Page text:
This is not a criticism.
Under normal conditions, the property market is like an oil-tanker. It’s big, it’s heavy, It’s compartmentalised and it takes a long time to change direction. In a steady marketplace, house prices and capital growth over a number of years would give you some insight into the next few years to come.
But in 2020, this is no longer the case.
Property investors have a lot of opportunities, right now but the pits, we could fall into, just got a lot deeper. In order to confidently invest in a local marketplace, it is not enough to know what that market was doing three months ago and of paramount importance to know what – exactly – is going on right now.
Your Due Diligence (Fundamental Analysis)
I’m sure I don’t need to remind anyone reading this that research is the key to success.
But while it isn’t optimum to simply look at historic data on growth, rent and yield and draw conclusions about the future of an investment, it is what a lot of (most) investors, have to settle with.
Yet in today’s changeable market in 2020, glancing over the data is not enough; a more fundamental analysis of the local market dynamics of an area is needed, before a buy-to-let purchase can be made, with any confidence.
And we need to be asking more questions such as, who are the major employers in the area, where are the areas most exposed to economic volatility, how has the tenant profile of some areas, being looked at, changed?
The truth is there is not much we can do. Or is there?
With regards to sold price data being three months out of date, in a fast-changing market, being even more diligent and detailed in our research, is the only answer.
We must be thorough – very thorough – and sceptical about what any individual data source might insinuate about the future, as well.
There are, of course, many different sources of information that can be relied upon from the private sector; from reports by large, mortgage-lenders, to the bigger estate agents. And Rightmove, Zoopla, On the Market and Home.co.uk are extremely good at pulling data together.
But the problem for investors is that none of these sources is specifically targeted at the types of data that are important to them (us).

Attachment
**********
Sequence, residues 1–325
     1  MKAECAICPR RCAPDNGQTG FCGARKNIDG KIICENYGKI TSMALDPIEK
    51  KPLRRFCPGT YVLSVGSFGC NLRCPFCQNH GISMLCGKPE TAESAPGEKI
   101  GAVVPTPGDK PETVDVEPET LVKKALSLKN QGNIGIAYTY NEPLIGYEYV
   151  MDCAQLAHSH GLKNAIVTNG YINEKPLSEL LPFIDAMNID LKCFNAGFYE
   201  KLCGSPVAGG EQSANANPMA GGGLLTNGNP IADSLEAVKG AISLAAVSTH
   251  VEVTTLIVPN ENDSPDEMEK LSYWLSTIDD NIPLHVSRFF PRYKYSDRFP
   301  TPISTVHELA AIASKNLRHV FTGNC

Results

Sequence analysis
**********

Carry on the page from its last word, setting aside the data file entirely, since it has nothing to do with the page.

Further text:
This means that we either commit to our research and build out our own spreadsheets to analyse what these data sources are telling us or, more commonly, we become lazy and convince ourselves that our research is sound when we’ve only paid some tiny, nominal lip-service to the spreadsheet gods and little more.
Property xyz – A Property Platform for Investors
Property xyz is a property search portal designed by investors, for investors, to buy and sell property; the idea is that the platform provides all the data that investors need access to, to make informed decisions about their purchases.
While this might sound simple, other companies have tried – and failed – to deliver on this promise, most often because key information is missing, with such attempts often ending with platforms being little more than weaker versions of Rightmove.
Property xyz is different. With a combination of investor-specific data, powerful filters and a large number of listed properties, it’s the ideal portal for property investors and landlords, looking to increase the sizes of their portfolios.
In a fast-changing market, access to accurate data is essential.
And property xyz also has a research feature so that users can research any property they are considering, whether that’s one that has been found on Rightmove or from any other source. Research and due diligence can be difficult and fragmented but now it can be done easily and all on a single platform.
Built by investors with decades of experience in the UK’s residential property market and the team behind Property Investments UK, property xyz has been created out of the need to solve the challenges that investors regularly face.
Please Log-In OR Become a member to reply to comments or subscribe to new comment notifications.